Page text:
used to make everything that we buy ranging from the apartment building in which we live to the ink pens with which we write.
Customer Order Decoupling Point
The place where inventory is positioned to allow processes or entities in the supply chain to operate independently. Selection of these is a strategic decision that determines customer lead times and can greatly impact inventory investment.
A production environment where the customers are served "on-demand" from finished goods inventory. Essential issue in satisfying customers is to balance the level of inventory against the level of customer service. Examples: Televisions, Clothing, Packaged food products
A production environment where the preassembled components, subassemblies, and modules are put together in response to a specific customer order, Examples: Dell computers, Subway subs
A production environment where the product is built directly from raw materials and components in response to a specific customer order
Here the firm works with the customer to design the product, which is then made from purchased materials, parts, and components. Boeing's process for making commercial aircraft is an example
The attempt to achieve high customer service with minimum levels of inventory investment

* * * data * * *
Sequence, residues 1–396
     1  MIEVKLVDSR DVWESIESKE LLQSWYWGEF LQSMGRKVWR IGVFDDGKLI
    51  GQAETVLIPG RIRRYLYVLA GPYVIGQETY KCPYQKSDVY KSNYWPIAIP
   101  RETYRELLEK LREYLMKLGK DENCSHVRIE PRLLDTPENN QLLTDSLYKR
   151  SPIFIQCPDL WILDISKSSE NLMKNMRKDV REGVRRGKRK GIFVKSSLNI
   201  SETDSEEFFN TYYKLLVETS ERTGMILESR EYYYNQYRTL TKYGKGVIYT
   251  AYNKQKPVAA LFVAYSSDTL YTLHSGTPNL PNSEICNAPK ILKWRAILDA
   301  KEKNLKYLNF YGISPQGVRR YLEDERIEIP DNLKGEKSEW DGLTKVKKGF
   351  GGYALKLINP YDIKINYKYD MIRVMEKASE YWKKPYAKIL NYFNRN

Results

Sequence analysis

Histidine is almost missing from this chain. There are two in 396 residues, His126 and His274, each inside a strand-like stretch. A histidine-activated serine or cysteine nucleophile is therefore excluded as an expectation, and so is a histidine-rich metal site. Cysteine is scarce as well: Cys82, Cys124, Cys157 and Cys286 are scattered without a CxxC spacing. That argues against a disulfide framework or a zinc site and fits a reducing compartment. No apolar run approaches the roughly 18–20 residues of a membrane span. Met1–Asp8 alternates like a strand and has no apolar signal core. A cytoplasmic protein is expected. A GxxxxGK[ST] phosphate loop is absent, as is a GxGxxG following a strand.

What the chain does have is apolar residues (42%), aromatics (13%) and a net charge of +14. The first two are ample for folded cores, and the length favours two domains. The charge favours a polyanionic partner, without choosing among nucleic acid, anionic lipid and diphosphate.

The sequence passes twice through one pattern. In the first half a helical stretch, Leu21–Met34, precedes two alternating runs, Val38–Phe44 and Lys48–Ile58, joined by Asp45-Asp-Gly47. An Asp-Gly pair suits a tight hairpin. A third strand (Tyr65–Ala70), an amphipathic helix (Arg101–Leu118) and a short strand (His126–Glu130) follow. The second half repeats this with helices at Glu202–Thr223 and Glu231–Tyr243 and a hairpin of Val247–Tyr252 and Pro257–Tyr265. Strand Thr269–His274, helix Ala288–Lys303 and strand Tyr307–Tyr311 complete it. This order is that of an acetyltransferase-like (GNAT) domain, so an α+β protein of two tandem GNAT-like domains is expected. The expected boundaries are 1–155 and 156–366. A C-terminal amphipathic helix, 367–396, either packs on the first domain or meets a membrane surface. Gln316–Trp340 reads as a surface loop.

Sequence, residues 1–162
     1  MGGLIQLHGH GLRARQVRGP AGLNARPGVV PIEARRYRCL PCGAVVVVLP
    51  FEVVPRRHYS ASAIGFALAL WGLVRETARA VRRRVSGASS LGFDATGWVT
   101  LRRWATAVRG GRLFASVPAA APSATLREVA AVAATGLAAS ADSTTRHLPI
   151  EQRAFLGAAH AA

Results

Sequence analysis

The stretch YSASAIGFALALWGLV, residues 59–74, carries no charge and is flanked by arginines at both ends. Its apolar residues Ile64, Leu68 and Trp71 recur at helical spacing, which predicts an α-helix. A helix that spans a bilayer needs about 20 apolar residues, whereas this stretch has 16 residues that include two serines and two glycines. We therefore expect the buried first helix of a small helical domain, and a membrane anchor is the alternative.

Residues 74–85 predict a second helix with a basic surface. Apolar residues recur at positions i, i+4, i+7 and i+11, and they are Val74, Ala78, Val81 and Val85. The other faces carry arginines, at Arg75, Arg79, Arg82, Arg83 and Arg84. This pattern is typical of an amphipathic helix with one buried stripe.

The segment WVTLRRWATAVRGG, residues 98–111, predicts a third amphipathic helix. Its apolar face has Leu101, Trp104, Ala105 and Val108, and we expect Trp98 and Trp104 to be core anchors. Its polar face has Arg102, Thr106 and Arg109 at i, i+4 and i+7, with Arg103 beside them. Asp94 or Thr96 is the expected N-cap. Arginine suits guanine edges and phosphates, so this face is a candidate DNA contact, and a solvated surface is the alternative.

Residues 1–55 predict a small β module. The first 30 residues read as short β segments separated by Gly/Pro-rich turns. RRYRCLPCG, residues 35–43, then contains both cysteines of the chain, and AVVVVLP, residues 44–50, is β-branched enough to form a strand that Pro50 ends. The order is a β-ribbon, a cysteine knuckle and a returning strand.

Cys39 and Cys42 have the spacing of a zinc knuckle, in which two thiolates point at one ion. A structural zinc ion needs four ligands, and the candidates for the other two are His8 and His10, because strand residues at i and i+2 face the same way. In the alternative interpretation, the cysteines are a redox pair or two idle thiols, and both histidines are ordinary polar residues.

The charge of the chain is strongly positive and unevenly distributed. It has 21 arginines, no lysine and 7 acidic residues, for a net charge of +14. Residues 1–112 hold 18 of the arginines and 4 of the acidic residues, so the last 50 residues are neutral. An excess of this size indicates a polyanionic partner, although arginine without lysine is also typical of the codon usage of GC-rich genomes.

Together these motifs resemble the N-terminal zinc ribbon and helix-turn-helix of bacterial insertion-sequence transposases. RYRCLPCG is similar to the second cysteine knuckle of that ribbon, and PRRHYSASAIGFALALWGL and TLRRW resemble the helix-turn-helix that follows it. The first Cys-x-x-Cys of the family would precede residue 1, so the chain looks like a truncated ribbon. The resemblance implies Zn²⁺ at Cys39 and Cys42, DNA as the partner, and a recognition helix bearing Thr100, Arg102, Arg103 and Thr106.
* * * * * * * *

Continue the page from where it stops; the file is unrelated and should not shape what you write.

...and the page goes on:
Total average value of inventory
The total average investment in raw material, work-in-process, and finished goods inventory. This is valued at the cost to the firm. Commonly tracked in accounting systems and reported in financial statements
The number of days of inventory of an item. If an item were not replenished, this would be the number of days until the firm would run out of the item (on average). Also, the inverse of inventory turn expressed in days... = 365/Inventory turn
A mathematical expression that relates inventory, throughput, and flow time. There is a long-term relationship between the inventory, throughput, and flow time of a production system in steady state. Inventory = Throughput rate x Flow time
These are types of ___:
Project layout, work center, manufacturing cell, assembly line, continuous process
The product, because of its sheer bulk or weight, remains fixed in a location. Equipment is moved to the product rather than vice versa
A process structure suited for low-volume production of a great variety of nonstandard products. These sometimes are referred to as a departments and are focused on particular type of orientation